This kind of lesson structure makes for a very engaging picture choice lesson and a solid foundation for additional, more complex material. Best of all, because this is a wiki, if you have an idea on how to build on this lesson material, you can copy the lesson and make your own version. I built a version that introduces the “and” conjunction after the first two thirds of the lesson. Try making your own version of the original lesson by clicking it here: Colors and Vehicles (copy) and entering a new page name in the title box. Or you can copy my version from here: Colors and Vehicles – Ian (copy).

Later in the week we will take a look at Podcast lesson format and keep building up to this October’s NYC workshop on October 13th.

Building a lesson: The Foundation

This second post in the “Building a lesson” series will give you some general tips for building online teaching materials along with Wikiotics-specific instructions to walk you through building lessons on

Choose a topic

The first step in building a lesson is choosing a topic. Since language covers anything you can express, there are an almost limitless number of potential topics. Honestly it is a bit daunting so we have created a simple curriculum of introductory English topic here on our Last Language Textbook campaign pages (Level 1-Stage 1, Level 1-Stage 2, Level 1-Stage3, Level 2-Stage 1, Level 2-Stage 2, Level 2-Stage 3). If you need some help picking a topic, take a look at those pages for inspiration, or feel free to just use one directly and help out while you build.

Lesson Context

While building a language lesson it is easy to get caught up in what you are building, all the little bits of planning and searching for the right material that will make your lesson effective for students. However, to build a truly effective lesson it is important to remember all the other elements that surround your lesson. One way to do this is by writing a short introduction for your lesson that says who your lesson is written for, what things you assume those students will already know, and what new material you plan to use in your lesson. We call this your lesson’s “context” and writing it out early on is a useful way to focus your lesson building by making sure you’ve considered the basic design decisions and have an idea of who your audience is.

For example, my lesson is an introduction to counting. I am writing for students in their first month or two of English study. I assume students have a small English vocabulary, limited to some basic nouns like man, woman, cat, dog, etc and have some experience with plural nouns. In order to keep my lesson useful to many different students I am going to keep the new vocabulary I introduce limited to common household items, mostly dishes and utensils. Because basic counting is a very simple topic I am also going to use colors to vary the material for my lesson. This will help keep the material more visually interesting, which is very important for keeping students engaged with picture choice lessons.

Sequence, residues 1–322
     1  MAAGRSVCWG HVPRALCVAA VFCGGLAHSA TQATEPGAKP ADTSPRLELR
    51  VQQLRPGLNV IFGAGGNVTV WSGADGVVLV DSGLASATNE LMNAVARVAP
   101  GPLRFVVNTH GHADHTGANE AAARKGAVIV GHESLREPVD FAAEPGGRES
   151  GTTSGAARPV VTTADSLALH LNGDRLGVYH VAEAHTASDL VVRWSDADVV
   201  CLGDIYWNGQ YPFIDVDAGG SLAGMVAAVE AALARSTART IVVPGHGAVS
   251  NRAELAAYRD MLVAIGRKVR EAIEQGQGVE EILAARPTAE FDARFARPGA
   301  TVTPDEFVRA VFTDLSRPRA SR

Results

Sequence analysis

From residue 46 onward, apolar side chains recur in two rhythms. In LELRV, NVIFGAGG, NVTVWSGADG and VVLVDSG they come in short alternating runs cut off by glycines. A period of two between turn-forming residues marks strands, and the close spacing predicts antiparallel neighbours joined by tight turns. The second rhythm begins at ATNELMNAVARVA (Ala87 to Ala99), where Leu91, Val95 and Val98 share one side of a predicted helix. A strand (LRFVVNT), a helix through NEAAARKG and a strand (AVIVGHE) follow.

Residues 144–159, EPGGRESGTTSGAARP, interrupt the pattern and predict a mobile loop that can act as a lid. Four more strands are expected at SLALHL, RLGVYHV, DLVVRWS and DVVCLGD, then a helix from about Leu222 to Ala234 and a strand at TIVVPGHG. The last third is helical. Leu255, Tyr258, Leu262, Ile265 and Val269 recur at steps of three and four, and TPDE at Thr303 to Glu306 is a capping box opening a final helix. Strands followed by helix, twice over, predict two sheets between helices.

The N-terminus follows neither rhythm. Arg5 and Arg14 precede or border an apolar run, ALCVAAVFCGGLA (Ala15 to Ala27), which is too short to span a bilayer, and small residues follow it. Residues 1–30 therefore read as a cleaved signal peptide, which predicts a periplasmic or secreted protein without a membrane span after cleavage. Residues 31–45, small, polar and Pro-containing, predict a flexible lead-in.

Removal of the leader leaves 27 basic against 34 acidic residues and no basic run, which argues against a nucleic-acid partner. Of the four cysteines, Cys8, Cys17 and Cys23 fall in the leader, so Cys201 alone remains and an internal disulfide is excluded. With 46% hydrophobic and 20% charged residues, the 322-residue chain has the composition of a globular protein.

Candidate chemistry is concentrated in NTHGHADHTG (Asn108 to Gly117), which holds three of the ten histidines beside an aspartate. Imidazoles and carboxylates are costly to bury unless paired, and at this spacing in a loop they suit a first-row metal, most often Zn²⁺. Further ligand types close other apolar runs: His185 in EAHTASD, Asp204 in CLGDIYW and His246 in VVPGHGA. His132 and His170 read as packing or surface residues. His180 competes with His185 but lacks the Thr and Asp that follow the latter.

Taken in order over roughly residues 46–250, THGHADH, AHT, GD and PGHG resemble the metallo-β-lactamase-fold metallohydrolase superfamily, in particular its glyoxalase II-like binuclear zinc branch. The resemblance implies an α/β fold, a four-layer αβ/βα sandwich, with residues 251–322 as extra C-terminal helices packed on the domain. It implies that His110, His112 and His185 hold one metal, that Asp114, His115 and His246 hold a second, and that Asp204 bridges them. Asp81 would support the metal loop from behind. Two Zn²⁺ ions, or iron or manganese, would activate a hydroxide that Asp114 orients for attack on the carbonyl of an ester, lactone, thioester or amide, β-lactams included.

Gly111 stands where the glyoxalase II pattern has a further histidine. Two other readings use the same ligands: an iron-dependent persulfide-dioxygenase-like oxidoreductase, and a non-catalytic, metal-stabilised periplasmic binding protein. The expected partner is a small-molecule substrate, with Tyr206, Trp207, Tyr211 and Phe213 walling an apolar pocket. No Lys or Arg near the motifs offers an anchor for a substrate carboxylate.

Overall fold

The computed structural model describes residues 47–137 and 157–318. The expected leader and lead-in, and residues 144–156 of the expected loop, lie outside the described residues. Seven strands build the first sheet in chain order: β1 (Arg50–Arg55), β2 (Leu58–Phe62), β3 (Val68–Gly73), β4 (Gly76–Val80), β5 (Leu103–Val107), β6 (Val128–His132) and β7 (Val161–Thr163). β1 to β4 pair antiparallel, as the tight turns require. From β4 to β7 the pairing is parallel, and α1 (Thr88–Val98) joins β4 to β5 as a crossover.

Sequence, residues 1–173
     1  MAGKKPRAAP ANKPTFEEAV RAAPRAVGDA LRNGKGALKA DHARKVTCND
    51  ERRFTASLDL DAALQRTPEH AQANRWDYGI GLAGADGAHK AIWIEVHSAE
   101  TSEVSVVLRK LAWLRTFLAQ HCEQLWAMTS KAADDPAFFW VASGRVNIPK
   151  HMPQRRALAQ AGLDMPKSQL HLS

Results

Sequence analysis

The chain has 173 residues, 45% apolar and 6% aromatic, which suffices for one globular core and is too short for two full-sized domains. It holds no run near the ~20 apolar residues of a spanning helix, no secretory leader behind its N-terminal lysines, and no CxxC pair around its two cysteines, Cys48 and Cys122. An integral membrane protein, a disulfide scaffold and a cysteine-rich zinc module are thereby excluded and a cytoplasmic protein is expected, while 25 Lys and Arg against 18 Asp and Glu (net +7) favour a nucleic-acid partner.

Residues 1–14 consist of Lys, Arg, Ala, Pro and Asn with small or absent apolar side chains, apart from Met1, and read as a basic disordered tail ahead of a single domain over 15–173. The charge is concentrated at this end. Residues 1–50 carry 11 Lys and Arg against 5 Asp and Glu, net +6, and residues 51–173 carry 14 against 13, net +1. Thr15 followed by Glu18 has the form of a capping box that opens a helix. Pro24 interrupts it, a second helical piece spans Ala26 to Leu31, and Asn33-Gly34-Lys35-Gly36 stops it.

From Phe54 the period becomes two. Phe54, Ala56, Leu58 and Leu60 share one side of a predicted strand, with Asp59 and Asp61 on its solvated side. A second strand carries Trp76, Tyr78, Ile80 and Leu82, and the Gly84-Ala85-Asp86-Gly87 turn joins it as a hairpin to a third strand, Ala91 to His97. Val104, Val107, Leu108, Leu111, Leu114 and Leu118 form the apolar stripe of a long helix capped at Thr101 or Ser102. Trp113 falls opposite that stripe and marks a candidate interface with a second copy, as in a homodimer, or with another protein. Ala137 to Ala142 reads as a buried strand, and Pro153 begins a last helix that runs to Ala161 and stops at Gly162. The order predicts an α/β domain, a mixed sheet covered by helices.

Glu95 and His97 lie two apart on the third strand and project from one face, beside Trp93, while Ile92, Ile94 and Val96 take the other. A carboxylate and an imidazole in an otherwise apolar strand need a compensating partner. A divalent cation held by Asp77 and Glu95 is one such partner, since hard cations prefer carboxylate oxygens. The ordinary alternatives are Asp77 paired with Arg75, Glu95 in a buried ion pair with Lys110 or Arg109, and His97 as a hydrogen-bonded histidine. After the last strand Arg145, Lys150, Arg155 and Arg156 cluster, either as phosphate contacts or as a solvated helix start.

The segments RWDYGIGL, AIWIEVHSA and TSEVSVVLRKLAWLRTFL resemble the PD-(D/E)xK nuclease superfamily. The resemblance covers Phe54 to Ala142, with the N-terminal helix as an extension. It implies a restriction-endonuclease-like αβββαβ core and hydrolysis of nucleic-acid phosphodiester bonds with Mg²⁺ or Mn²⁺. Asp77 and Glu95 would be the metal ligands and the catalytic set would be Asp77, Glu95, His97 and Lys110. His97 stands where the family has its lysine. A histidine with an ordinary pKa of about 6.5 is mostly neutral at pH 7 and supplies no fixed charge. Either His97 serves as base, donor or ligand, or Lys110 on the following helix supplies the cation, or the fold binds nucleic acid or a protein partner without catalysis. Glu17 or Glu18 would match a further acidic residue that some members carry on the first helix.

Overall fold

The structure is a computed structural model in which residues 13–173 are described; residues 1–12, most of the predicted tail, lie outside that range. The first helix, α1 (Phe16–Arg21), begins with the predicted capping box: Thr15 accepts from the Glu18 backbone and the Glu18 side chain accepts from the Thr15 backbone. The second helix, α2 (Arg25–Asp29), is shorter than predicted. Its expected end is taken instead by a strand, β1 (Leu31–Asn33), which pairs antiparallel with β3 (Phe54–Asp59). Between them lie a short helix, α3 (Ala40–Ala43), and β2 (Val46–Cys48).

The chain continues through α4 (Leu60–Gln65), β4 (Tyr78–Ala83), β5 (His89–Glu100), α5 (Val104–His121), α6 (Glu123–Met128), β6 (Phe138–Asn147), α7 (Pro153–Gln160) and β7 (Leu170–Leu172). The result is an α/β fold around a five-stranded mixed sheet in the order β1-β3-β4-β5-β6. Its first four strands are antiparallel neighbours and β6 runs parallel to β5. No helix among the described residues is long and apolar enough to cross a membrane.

If I wanted to write for a formal school environment I might consider using something other than household items. For a school setting I could use common school items like writing instruments, books, desks, etc, whereas if I were writing a lesson for adults traveling to the United States I might use US currency or the kind of food and beverages ordered while traveling.

You don’t have to actually write down your lesson context, though that can be very helpful to look back at while you are in the middle of building your lesson, just take a moment and see if you can answer these three questions about your lesson as you begin building it:

1) Who are your students? (Old, young, formal students, or self-directed?)
2) What should they know when starting you lesson? (Vocabulary, other language knowledge, etc)
3) What are you going to introduce in your lesson? (Vocabulary or other language knowledge you will use to illustrate your topic)

Lesson building: step by step

Every lesson on Wikiotics is built with these three steps:

  • Step 1: Go to the new lesson page and click on the type of lesson you want to create.
  • Step 2: Add text, audio, or pictures to your lesson.
  • Step 3: Save your lesson on the wiki.
  • Here I’m going to cheat by pointing you to our detailed “Creating a lesson” page, which goes into more detail on each of these steps.

    Next week we will go over an example of all this as I build a new picture choice lesson and point out some great ones already on the site.